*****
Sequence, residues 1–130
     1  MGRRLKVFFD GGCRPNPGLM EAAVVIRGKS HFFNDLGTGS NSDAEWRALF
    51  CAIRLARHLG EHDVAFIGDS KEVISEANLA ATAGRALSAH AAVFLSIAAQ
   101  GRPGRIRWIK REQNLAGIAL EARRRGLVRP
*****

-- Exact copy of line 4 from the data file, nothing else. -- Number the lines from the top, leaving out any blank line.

   101  GRPGRIRWIK REQNLAGIAL EARRRGLVRP